Just realized I have an amazing teaching tool

Dungeons and Dragons 5th Edition has an interesting, and potentially cool mechanic: spell slots. But it has been hard to explain the concept to the boys. And especially the party’s spellcaster, who is a very bright kid, but he has had an extremely hard time grasping this mechanic and as a result falls back on his weakest stuff when he could be doing so much more. And I was trying to think of how to help him grasp it when it just now hit me.

All of these boys play Magic the Gathering, to a large or lesser extent. And they are experienced players, not super competitive, but still good. And it just now hit me that I can use that as a teaching tool.

For example this sorcerer. In D&D terms he is 4th level, which means he knows 5 cantrips, and 5 other spells, and has 4 1st level slots and 3 2nd level slots.  If you are confused, you’re not alone, this is not the most intuitive role playing mechanic I have ever encountered. But I realized I can explain this to him in Magic terms:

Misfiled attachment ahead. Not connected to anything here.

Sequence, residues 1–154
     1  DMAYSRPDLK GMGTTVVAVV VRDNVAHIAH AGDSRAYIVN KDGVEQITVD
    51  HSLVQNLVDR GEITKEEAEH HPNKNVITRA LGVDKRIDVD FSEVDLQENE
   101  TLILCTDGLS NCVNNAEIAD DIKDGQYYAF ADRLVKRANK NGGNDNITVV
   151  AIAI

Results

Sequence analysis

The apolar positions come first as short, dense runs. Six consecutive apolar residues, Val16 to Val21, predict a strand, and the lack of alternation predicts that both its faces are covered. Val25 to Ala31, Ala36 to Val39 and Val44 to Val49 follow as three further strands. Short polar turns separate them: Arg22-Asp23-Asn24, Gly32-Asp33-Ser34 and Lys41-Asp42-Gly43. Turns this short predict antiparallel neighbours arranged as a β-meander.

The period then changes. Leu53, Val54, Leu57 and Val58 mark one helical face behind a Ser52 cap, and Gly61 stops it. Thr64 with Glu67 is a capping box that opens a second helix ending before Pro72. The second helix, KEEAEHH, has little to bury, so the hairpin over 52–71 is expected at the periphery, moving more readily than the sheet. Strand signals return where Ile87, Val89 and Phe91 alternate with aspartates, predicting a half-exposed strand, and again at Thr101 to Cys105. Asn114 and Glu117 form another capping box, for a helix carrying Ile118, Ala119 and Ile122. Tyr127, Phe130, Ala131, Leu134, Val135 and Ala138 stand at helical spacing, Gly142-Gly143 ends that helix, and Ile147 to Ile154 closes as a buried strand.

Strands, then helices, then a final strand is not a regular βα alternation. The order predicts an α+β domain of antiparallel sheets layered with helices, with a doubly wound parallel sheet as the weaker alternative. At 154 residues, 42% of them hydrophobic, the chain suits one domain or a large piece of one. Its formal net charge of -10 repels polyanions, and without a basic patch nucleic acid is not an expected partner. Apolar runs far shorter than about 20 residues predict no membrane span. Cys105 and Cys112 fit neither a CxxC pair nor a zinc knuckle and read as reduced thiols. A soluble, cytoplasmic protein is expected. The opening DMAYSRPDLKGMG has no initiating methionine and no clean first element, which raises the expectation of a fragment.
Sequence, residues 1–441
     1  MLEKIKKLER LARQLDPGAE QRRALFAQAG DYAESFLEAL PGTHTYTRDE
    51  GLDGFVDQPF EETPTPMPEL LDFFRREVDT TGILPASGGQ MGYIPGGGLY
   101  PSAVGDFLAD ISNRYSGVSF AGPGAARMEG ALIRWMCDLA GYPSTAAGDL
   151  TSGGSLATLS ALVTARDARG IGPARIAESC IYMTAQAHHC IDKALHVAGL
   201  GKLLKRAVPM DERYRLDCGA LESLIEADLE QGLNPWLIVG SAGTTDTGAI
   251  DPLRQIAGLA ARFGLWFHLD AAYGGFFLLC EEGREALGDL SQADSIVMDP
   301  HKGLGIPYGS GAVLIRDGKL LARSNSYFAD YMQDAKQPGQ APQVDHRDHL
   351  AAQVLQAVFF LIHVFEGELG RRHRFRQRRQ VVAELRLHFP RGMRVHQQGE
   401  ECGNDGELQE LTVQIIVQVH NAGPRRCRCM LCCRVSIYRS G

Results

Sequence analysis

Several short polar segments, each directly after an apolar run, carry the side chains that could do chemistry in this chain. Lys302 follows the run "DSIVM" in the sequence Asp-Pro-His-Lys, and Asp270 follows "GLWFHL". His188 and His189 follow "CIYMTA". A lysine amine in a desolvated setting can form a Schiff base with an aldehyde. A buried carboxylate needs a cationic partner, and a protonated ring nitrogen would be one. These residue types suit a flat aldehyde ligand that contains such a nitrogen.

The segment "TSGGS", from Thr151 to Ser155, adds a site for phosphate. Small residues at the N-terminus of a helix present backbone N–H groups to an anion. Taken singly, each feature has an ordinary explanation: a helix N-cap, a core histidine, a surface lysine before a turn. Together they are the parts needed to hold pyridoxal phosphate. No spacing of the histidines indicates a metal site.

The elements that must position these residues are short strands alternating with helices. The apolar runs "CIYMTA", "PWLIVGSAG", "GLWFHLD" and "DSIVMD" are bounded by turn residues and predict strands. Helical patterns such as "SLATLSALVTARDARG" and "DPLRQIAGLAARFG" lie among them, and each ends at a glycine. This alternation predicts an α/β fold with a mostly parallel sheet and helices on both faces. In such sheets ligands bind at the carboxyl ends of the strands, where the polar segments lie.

1. The Cantrips are zero casting cost spells he always has in his hand. They can be useful, but not great on their own.

2. Knowing 5 other spells means he has 5 other spells in his hand that he can cast, they can be a mix of 1st and 2nd level.

3. He has a total of 10 mana (slots), but 6 of it has to be cast in sets of 2 (2nd level slots)

4. 1st level spells only require 1 mana to cast, but can be cast with 2 for more power. And 2nd level spells all require 2 mana.

5, In addition as a Sorcerer he has 4 Sorcery points that he can use to create more mana (slots) or alter the effect of the spells.

If you haven’t played Magic, then this is still Greek to you, but for these boys they will grasp it right away I think. Which makes that an amazing teaching tool for me. I am even thinking of creating cards for him to use to help him understand this.

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